RUNNER-UP: Joseph & Vanessa Winter (DEADSTREAM)

Joseph Winter shares a couple of similarities with Chloe Okuno. They have both directed V/H/S anthology segments (that franchise really is useful for helping film-makers kick-on) and neither had helmed anything for a few years after a flurry of short films. Deadstream (written and directed by Joseph and his wife Vanessa) may be an entirely different kettle of fish to Watcher in terms of style and content. It’s an over-the-top, shrill, frenzied blend of comedy and horror. Think Evil Dead meets Grave Encounters. It’s just so much fun. Like the former, it’s a testament to what can be done on a micro-budget. Sure, some of the effects are a bit home-spun but it’s all part of its charm. Deadstream is probably the best horror comedy of 2022 and has cult classic written all over it.



Director: Damien Leone

Terrifier 2 surprised mainstream critics and die-hard horror fans this year with its impact. Along with the predictably misleading "puking-in-the-aisles" headlines that the media press went with, it also earned a shit-ton of money and easily surpassed expectations on streaming and commercial box office levels. It's one of those sequels that goes well beyond what is expected of a good sequel. Whilst expanding ever-so-slightly on the mythology of Art the Clown (a splendidly grotesque return by David Howard Thornton), the miming maniac is let loose for over 2 hours of retch-inducing carnage that outdid every other gory opus this year. It was also helped by the addition of "Battle Angel" Sienna Shaw, who was marvellously brought to life by actor Lauren Lavera and gave some well-deserved oestrogen-based smackdowns to the creepy jester. Obviously more to come, and we won't complain about that … apart from WTF was that final scene about in the asylum?!!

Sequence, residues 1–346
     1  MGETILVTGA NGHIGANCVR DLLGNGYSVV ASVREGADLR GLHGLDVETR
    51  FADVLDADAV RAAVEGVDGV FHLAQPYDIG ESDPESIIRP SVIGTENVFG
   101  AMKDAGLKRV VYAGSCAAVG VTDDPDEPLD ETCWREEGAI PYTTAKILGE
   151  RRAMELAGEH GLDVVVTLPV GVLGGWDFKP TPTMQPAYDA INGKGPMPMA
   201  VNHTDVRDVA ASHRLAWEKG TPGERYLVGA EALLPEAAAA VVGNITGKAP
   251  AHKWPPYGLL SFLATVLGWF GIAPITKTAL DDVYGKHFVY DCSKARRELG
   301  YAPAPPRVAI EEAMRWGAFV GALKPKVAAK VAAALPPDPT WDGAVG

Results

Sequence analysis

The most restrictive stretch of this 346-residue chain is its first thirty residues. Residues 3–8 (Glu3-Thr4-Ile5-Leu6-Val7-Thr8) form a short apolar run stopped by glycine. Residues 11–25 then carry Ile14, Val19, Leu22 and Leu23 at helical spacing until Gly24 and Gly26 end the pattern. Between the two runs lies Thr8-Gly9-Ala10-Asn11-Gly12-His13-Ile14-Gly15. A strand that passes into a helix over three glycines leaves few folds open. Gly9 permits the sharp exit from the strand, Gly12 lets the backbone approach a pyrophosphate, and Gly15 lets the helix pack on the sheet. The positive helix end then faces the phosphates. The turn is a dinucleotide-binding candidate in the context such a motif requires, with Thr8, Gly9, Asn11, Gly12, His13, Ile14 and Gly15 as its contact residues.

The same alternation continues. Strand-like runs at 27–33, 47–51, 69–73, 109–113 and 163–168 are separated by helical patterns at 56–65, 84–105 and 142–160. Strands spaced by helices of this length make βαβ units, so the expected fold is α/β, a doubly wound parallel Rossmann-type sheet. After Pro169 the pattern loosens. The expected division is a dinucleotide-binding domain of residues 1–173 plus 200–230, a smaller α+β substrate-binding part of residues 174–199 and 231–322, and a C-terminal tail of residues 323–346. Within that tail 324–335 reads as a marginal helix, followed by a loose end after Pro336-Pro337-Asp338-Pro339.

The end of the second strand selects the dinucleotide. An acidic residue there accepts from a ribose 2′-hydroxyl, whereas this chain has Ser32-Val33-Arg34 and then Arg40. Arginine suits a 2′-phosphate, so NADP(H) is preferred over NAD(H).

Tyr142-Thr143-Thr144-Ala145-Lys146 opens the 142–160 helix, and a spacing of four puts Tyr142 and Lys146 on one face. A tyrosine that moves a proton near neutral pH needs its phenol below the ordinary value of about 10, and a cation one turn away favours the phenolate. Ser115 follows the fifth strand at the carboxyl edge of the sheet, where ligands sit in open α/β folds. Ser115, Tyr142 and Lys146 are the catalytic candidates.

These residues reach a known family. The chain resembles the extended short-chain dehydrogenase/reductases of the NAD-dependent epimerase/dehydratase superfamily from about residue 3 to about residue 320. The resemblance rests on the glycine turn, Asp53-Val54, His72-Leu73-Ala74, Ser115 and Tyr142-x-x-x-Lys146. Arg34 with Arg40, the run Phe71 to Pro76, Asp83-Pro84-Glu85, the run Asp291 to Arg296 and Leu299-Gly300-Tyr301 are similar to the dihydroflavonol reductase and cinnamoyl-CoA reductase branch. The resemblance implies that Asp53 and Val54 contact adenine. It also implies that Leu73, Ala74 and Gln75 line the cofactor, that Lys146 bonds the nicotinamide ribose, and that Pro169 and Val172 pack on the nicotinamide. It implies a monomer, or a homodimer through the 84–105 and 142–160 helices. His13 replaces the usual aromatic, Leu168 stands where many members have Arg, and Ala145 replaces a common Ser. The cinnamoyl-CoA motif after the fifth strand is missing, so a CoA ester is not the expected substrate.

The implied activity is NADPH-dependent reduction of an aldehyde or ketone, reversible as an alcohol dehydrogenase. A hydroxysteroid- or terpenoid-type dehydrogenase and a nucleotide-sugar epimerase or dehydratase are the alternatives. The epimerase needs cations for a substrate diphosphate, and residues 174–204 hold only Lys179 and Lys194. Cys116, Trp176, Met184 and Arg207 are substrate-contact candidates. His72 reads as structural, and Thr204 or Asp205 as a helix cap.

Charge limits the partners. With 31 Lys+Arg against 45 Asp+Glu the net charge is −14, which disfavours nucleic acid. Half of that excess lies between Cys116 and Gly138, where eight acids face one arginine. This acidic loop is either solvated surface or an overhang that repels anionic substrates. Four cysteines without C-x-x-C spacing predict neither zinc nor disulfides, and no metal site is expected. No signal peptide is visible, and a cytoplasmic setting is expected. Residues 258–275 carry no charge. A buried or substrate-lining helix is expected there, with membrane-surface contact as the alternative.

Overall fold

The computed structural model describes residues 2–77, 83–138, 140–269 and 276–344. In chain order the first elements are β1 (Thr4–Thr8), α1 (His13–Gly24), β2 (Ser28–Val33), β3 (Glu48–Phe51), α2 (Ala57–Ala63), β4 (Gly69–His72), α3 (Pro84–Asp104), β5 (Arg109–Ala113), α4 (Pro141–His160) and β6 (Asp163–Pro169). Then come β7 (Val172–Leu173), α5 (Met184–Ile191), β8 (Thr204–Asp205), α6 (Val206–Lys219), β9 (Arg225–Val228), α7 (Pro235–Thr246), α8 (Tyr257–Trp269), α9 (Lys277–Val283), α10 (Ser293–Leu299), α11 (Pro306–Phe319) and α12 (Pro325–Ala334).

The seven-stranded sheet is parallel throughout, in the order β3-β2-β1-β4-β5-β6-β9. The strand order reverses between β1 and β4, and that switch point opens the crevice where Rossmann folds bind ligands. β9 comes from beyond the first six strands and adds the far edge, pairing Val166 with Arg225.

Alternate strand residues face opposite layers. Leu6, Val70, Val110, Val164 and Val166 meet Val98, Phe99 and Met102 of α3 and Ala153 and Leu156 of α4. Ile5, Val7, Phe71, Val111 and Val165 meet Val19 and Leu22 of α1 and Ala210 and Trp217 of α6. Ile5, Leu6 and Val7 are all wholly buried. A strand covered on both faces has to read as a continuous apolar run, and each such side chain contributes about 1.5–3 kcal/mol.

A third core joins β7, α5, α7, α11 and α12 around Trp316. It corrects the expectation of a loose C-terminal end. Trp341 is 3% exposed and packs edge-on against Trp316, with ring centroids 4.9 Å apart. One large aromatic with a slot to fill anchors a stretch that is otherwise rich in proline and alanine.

Director: William Brent Bell

I’m not sure that a lot of people expected a follow-up to Jaume Collet-Serra’s underrated 2009 horror Orphan. The story seemed to have been wrapped up quite nicely by the end and there certainly wasn’t much of an opening for a sequel. But hey, that’s what prequels are here for! Whilst we may have been racking our brains to figure out how they were going to get a now adult Isabelle Fuhrman back to play the villainous lead, we needn’t have worried thanks to some smart direction and decent practical FX. The tone is a bit more playful this time around and for the first half it’s rather standard prequel fare. But a great twist at the midpoint sends First Kill into an action-packed and unpredictable third act and stops it becoming another pointless re-tread. Did we need this movie? Not really. Fuhrman is fantastic and it’s just a whole lot of fun!